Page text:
AOL technology site Engadget wants to be more than a tech blog.
It’s taking the wraps off a new redesign and embracing a new editorial mandate that goes beyond gadget reviews to highlight how technology plays into areas such as music, art, culture, politics and privacy issues.
“We used to talk to the tech ambassadors and early adopters, and we will have that audience,” said AOL president of content and consumer brands, and former HuffPo boss, Jimmy Maymann. “But from a content perspective technology has become more central to people’s lives across these different areas, and that’s what you’ll see from the new site. And, of course, that leads into more monetization opportunities.”
The broader mandate is a familiar course. The Verge, part of Vox Media, has expanded from its geeky roots to cover the intersection of tech with society. In fact, The Verge’s car coverage now drives as much as 30 percent of its traffic.
Engadget, which generates just under 11 million in the U.S. and 1.4 million monthly unique visitors in the U.K., according to comScore, has moved increasingly away from its gadget-blog roots toward generating more original news reporting over the years, much like its big sister Huffington Post.
Original video will also be front and center. Brands like Honda have been among those to sponsor some of Engadget’s most popular shows, which include “Citizen Mars,” an in-depth look at five of the finalists for the Mars One mission. The second season of the popular advice show “Dear Veronica” debuts this week on the site, while a new video show called “After Hours” in which editors take the tech they test out into the streets, will also launch this week.
Broadening its editorial focus to appeal to a larger audience, naturally goes hand in hand with ambitious monetization plans, specifically via native advertising, according to Maymann. And by that, he means both custom-made branded-content partnerships, as well as in-stream “native ad” units that can be run programmatically.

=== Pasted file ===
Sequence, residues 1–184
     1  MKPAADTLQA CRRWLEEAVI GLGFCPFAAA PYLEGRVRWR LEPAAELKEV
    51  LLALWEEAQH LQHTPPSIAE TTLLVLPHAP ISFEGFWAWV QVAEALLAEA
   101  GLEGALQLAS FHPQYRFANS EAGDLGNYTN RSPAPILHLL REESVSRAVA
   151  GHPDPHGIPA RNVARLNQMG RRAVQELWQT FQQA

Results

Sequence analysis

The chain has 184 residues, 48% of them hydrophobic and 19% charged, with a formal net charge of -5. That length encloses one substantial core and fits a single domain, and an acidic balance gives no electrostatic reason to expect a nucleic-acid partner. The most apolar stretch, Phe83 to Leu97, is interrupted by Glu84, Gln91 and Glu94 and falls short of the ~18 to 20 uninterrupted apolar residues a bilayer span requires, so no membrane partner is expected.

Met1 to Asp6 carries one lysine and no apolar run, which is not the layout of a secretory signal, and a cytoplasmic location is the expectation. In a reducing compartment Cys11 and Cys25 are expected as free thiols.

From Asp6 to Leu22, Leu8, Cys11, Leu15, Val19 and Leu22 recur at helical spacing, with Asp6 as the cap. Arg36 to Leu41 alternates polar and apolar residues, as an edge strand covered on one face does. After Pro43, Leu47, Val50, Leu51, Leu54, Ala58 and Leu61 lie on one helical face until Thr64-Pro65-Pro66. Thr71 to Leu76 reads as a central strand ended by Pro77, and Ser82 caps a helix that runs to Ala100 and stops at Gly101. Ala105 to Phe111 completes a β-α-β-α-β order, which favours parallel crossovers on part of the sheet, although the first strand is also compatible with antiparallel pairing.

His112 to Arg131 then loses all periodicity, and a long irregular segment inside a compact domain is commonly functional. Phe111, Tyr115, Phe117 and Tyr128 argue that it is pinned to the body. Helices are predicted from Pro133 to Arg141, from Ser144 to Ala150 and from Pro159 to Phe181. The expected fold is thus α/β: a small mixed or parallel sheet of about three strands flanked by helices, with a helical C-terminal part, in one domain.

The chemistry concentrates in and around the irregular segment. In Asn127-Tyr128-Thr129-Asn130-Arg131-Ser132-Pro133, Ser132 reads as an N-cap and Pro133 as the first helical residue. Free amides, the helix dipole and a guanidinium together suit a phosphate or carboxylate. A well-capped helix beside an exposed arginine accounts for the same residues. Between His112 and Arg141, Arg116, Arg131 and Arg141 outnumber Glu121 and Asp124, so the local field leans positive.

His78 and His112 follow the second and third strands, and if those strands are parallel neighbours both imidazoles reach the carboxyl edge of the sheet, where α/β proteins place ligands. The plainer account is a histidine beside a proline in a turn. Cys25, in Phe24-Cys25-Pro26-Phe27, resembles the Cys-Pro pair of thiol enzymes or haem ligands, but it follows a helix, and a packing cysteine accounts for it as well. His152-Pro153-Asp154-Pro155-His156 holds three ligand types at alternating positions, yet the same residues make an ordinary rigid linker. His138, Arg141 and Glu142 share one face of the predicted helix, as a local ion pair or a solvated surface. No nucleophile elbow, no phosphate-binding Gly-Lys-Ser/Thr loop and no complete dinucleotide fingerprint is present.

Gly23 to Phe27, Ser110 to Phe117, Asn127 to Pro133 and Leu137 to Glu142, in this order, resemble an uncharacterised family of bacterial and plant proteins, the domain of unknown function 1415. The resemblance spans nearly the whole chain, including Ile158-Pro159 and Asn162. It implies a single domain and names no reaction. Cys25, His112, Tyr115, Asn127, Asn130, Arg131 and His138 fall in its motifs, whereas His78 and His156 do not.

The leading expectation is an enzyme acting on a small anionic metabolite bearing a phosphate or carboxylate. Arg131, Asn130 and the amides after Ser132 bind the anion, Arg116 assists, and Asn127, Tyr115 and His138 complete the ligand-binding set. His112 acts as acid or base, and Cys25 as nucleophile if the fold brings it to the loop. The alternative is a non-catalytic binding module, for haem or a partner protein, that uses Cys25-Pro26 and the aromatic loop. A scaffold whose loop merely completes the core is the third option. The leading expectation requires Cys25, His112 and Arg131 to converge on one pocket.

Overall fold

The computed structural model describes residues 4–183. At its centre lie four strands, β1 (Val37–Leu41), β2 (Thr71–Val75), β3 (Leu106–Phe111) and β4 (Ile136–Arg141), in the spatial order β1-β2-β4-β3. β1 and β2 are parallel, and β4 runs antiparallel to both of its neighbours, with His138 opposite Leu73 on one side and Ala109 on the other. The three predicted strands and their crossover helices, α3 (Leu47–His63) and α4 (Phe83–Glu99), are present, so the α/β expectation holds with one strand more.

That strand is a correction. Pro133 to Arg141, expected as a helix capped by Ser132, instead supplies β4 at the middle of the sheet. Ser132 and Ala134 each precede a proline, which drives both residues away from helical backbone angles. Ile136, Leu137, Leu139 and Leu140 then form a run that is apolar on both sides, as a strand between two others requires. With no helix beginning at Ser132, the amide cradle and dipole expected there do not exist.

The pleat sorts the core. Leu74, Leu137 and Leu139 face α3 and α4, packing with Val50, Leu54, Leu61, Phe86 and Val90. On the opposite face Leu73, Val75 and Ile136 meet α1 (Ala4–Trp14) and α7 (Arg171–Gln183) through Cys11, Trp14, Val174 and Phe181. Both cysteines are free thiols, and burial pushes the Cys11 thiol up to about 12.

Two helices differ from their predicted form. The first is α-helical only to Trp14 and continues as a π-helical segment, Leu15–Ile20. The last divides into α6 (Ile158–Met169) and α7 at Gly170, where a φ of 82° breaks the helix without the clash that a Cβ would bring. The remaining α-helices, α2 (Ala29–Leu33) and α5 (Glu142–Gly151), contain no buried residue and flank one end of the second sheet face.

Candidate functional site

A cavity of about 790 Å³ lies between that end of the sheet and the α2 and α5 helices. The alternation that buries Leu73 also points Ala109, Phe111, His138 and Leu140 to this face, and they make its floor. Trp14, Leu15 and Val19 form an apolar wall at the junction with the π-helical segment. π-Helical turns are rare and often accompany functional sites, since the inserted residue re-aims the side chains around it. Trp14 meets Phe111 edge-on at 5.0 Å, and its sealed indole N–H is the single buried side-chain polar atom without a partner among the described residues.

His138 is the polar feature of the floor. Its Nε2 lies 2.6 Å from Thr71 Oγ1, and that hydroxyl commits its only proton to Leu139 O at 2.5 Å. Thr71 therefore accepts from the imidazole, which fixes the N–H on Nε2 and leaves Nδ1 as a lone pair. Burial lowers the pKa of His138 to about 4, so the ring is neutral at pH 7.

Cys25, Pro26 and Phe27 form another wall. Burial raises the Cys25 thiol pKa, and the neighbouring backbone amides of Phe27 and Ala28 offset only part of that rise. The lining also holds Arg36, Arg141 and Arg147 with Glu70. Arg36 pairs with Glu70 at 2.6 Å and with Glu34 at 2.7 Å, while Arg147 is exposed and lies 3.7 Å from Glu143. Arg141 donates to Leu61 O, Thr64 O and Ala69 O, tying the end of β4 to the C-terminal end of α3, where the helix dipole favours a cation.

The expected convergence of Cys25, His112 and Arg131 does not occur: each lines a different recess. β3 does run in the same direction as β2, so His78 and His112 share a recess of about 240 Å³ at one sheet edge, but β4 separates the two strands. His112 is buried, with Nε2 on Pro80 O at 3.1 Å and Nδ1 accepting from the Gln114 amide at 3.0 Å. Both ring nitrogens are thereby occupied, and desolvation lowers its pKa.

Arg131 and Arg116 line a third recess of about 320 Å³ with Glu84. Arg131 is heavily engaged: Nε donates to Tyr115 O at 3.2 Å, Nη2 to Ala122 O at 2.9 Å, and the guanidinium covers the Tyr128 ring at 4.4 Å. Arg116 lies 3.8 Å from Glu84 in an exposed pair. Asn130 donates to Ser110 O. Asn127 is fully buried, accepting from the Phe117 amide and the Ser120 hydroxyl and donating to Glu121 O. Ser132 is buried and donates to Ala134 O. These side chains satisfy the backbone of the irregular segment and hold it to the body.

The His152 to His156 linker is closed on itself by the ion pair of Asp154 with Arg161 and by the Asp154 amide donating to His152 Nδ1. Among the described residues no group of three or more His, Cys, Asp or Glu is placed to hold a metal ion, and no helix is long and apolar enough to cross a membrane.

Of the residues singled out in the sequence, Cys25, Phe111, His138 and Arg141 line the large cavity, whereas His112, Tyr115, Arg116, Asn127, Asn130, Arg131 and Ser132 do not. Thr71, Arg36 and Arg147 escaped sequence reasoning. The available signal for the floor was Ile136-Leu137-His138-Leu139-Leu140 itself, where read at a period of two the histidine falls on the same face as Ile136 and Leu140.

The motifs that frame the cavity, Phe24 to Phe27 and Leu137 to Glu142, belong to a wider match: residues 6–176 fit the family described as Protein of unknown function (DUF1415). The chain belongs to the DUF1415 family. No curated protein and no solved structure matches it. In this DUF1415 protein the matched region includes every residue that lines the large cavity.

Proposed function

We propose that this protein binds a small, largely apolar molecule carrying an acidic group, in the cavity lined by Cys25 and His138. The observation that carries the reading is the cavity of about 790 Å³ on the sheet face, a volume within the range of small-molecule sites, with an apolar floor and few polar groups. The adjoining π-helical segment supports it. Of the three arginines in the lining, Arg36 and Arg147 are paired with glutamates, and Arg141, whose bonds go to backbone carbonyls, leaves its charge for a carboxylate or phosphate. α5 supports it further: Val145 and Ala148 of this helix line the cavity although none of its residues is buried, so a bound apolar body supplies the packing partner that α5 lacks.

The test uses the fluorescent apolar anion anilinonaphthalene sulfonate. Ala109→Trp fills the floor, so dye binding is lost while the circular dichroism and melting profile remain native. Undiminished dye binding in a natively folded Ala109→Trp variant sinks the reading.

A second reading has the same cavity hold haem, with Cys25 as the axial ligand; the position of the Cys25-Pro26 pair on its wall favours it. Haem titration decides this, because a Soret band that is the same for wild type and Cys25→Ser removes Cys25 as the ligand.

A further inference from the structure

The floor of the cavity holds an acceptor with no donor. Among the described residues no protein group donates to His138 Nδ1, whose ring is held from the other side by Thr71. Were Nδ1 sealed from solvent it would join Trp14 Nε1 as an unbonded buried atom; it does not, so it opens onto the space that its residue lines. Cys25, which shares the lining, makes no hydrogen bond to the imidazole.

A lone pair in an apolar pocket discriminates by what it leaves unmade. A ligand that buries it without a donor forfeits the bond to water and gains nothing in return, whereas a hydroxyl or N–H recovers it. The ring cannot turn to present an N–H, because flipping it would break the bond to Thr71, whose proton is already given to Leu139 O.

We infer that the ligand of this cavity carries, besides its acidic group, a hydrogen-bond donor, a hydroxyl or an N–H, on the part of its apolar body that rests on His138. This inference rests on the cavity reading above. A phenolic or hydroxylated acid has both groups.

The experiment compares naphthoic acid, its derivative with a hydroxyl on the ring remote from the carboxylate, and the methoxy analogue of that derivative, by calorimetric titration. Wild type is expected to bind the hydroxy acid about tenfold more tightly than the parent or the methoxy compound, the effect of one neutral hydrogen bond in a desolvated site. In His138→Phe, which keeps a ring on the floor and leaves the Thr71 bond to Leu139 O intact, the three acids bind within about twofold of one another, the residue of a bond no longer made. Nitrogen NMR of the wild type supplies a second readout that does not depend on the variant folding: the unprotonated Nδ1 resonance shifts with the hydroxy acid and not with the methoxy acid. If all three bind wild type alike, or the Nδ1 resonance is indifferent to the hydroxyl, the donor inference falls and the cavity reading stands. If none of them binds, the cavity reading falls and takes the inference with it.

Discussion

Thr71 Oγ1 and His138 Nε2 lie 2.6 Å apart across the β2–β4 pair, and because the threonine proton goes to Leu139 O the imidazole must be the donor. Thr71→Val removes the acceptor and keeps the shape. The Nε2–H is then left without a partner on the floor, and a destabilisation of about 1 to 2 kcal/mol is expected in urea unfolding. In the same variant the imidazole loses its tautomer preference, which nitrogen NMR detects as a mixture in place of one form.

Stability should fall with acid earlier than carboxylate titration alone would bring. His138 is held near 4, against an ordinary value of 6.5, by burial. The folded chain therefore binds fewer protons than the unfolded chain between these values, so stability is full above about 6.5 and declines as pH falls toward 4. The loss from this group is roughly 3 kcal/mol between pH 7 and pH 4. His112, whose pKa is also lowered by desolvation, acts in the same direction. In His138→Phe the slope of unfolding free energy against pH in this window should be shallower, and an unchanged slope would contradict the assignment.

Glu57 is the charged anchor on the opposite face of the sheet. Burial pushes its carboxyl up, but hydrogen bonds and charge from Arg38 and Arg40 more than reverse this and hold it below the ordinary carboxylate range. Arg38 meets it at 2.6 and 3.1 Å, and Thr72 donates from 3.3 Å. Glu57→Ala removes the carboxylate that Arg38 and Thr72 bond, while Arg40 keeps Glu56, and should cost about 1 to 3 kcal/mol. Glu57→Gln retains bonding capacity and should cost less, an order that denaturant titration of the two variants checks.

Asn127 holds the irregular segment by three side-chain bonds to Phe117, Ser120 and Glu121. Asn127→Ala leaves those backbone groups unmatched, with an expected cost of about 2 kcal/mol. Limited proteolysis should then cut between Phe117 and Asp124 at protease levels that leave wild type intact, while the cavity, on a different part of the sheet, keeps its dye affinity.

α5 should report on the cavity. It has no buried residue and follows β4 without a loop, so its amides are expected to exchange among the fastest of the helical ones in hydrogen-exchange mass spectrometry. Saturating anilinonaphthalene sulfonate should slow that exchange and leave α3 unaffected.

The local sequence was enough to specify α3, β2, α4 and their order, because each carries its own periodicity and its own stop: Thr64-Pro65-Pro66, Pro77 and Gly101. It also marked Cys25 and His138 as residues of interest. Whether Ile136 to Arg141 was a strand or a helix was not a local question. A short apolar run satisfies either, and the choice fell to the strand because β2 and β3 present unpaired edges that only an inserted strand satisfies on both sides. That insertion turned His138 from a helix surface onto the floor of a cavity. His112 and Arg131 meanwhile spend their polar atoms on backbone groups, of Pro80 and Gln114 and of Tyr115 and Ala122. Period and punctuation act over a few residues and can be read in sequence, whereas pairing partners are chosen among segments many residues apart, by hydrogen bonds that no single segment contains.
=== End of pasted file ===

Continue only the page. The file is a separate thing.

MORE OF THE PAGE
“We don’t want to put advertising on our pages which turn off audiences,” said Maymann. “Monetizing audiences effectively means finding ways to keep them there, so native advertising and branded content works well there.”
The redesign kick-starts in the U.S. and U.K. today and will roll out to its other international editions in Germany, Spain, China and Japan in 2016.
Mobile will also be front of mind, and the advertising opportunities there will cater toward ad experiences that blend well with the content and size of the screen, along with focus also on video, rather than standard display ads, according to Maymann, who added: “The banner isn’t ideal.”
Not a moment too soon. “Advertisers want to engage with audiences not just people looking at content,” said Havas head of publishing Dominic Fawkes, who added that the fact Engadget is looking to create a more personalized content experience will make it a more compelling sell for buyers. The previous version of the site had been disappointing, he said.
Carat global chief digital officer James Harris said Engadget has had difficulty monetizing via advertising outside the U.S. Its perception among buyers as a U.S-centric tech platform has also limited the number of advertisers willing to spend. “Tech is a hard vertical to monetize beyond a certain point, and broadening its reach will open up more partners there.”
Huffington Post has expanded so swiftly internationally by partnering with established local players such as Le Monde in France. The down side is that it must then share revenue with those media outlets. “This might be a strategy aimed at trying to unlock more revenue for Engadget but also provide more global volume to sit alongside Huffington Post,” said Harris.
He added that AOL is an interesting entity but a tricky one to understand, and that if this is part of plans to better align it with the company’s overarching “culture and code” strategy, then that’s a positive step.
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